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Trainer keeps Pegasus far from the field

Trainer Neil Drysdale saw Fusaichi Pegasus' natural curiosity as a positive trait before he won the Kentucky Derby. That the horse would stop on the way to the starting gate to gaze at a misplaced ambulance or high-soaring jet was supposedly a sign of intelligence, and the manner in which he handled a massive crowd at Churchill Downs seemingly reinforced that point.

Drysdale continued to say many of the same things Wednesday, but his handling of Fusaichi Pegasus at Pimlico Race Course seemed contradictory.

Before arriving late Wednesday afternoon, Drysdale had decided Fusaichi Pegasus would not be housed with the other Preakness entrants in the stakes barn behind the grandstand. Instead, he said the colt would be better off in the "quiet" of the backstretch.

Drysdale changed his tack again when the trailer containing Fusaichi Pegasus and two other horses approached Barn 7 along Belvedere Avenue.

The trainer jumped from the van in which he was riding and onto the running board of the truck, directing the driver to maneuver next to the barn instead of parking near the chute area where horses were to be unloaded.

"We didn't want to unload and make them walk along the track," Drysdale said. "This is just trying to do the best thing for the horse. My feeling was it was best to stable back here and it would not be good to walk on the tarmac and along the racetrack. That's it."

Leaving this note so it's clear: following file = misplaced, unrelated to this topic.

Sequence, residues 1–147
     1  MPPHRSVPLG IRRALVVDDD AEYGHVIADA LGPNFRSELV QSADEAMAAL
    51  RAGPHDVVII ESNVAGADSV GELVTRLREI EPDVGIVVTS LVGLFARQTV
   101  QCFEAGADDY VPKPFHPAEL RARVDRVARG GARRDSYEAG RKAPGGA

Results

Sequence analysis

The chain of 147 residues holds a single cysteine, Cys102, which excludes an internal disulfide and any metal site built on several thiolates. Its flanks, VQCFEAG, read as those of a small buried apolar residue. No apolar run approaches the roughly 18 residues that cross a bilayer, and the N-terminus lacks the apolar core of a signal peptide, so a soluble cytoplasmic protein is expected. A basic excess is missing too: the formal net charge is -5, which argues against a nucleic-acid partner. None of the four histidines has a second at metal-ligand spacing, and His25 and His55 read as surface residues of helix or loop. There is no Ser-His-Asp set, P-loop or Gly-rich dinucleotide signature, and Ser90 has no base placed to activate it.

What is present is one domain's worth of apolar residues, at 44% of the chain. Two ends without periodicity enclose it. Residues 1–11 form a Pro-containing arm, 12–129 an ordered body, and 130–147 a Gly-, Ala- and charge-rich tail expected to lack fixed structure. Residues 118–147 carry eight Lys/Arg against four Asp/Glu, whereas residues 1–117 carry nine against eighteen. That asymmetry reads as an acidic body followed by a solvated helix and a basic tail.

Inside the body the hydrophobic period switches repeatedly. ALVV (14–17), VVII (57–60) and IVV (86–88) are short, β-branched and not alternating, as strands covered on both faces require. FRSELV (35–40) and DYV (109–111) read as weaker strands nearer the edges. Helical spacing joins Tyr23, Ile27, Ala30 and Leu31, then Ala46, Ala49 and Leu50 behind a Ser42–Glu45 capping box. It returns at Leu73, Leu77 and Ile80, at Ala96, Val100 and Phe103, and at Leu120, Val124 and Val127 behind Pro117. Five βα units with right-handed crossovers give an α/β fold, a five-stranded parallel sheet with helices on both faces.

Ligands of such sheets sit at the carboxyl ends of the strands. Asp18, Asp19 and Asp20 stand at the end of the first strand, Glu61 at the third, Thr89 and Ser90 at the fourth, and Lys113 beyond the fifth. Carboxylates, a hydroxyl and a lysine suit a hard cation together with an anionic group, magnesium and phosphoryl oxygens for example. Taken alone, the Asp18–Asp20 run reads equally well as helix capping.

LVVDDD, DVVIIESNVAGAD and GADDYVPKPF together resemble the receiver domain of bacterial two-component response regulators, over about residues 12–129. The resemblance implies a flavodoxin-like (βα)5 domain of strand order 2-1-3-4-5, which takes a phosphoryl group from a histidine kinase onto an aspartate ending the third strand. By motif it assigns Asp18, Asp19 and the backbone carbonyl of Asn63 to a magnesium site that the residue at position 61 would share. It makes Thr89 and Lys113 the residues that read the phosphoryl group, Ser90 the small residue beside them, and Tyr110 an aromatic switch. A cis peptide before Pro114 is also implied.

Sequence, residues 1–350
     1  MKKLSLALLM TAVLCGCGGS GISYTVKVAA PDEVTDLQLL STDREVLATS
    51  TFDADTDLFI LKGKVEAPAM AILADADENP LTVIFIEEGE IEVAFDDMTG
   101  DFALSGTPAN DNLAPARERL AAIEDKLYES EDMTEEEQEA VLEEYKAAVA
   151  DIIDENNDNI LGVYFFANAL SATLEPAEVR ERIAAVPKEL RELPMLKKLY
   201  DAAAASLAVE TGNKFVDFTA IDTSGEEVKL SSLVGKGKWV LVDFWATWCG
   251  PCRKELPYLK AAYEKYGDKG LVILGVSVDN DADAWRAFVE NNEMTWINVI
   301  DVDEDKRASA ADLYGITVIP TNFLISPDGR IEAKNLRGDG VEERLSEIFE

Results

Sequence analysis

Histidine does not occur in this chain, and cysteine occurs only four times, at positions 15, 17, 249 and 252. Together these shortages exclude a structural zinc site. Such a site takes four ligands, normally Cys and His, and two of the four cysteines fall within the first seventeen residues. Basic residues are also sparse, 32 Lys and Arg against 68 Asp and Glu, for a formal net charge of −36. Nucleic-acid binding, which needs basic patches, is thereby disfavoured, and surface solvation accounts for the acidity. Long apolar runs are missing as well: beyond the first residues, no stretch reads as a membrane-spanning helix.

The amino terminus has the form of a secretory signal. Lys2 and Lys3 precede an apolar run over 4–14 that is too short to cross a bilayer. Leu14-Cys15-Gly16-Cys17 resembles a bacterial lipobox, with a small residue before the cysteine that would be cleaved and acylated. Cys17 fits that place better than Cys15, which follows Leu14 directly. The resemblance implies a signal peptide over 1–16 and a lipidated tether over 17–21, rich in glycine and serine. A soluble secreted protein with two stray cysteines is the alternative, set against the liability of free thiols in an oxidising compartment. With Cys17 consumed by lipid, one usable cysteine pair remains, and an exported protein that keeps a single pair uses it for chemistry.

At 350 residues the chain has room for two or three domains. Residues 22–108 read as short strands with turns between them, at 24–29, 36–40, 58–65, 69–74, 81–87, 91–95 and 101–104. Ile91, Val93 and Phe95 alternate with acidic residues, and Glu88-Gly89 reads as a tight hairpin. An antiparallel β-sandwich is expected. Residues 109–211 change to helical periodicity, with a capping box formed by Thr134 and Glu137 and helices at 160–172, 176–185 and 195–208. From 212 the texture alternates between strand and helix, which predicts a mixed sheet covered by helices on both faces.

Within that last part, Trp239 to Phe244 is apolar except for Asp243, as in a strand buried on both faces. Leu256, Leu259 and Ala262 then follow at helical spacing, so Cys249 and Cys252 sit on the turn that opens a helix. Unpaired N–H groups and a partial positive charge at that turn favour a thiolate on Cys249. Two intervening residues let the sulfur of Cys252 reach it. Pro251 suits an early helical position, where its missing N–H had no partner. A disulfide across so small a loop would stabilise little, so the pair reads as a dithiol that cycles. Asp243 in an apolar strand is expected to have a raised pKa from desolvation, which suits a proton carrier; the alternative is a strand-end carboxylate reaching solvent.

A ramp from the trailer allowed Fusaichi Pegasus _ who disembarked first _ and stable pal Body Guard to unload directly into the barn and avoid the asphalt.

Drysdale also said the colt would be saddled in the backstretch.

"It's just a matter of keeping him out of the sun and saddling him where it's cool," Drysdale said. "It's just a case of not exposing him to something he doesn't need to be exposed to."

Drysdale said the trip from Kentucky was uneventful. Fusaichi Pegasus shipped peacefully from Louisville to Baltimore-Washington International, and on the van trip, he said.

The colt caused a fuss wherever he went, as baggage handlers and other workers on the tarmac at the airport strained to get a glimpse of him.

Drysdale said Fusaichi Pegasus is tentatively scheduled to gallop each morning before the Preakness.

CAPTAIN STEVE: Bob Baffert's Kentucky Derby and Preakness runner made a much more mundane entrance, arriving about a half hour after Fusaichi Pegasus and settling into Stall 40, which is usually reserved for the Derby winner.

Baffert housed Silver Charm in that barn in 1997 and Real Quiet in 1998.

"Captain Steve is doing fine," Baffert said. "The horses I bring in are laid-back. Just like me."

Baffert said his colt could use some ego-boosting after a poor Derby finish and the treatment Fusaichi Pegasus received on the other side of the track.

"Put a camera on him," he said. "Make him feel important."

Baffert, who fell short of the Triple Crown when Silver Charm and Real Quiet were beaten in the Belmont Stakes, did not want to make any predictions about whether Fusaichi Pegasus can complete the task.

"We'll see," he said. "My job is to make him earn it."